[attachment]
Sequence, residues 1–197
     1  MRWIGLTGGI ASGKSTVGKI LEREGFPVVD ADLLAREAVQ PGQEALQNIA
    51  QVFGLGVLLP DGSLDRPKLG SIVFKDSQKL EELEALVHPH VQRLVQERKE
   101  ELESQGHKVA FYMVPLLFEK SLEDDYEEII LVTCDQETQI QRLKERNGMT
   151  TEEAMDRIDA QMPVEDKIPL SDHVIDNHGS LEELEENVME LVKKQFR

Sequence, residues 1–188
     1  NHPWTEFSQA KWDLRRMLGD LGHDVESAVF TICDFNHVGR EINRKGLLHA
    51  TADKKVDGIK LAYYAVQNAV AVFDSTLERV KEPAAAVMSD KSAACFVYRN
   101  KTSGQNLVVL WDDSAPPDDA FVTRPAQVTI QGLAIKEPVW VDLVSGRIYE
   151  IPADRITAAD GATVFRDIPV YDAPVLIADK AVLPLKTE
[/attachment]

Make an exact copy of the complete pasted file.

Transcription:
Sequence, residues 1–197
     1  MRWIGLTGGI ASGKSTVGKI LEREGFPVVD ADLLAREAVQ PGQEALQNIA
    51  QVFGLGVLLP DGSLDRPKLG SIVFKDSQKL EELEALVHPH VQRLVQERKE
   101  ELESQGHKVA FYMVPLLFEK SLEDDYEEII LVTCDQETQI QRLKERNGMT
   151  TEEAMDRIDA QMPVEDKIPL SDHVIDNHGS LEELEENVME LVKKQFR

Sequence, residues 1–188
     1  NHPWTEFSQA KWDLRRMLGD LGHDVESAVF TICDFNHVGR EINRKGLLHA
    51  TADKKVDGIK LAYYAVQNAV AVFDSTLERV KEPAAAVMSD KSAACFVYRN
   101  KTSGQNLVVL WDDSAPPDDA FVTRPAQVTI QGLAIKEPVW VDLVSGRIYE
   151  IPADRITAAD GATVFRDIPV YDAPVLIADK AVLPLKTE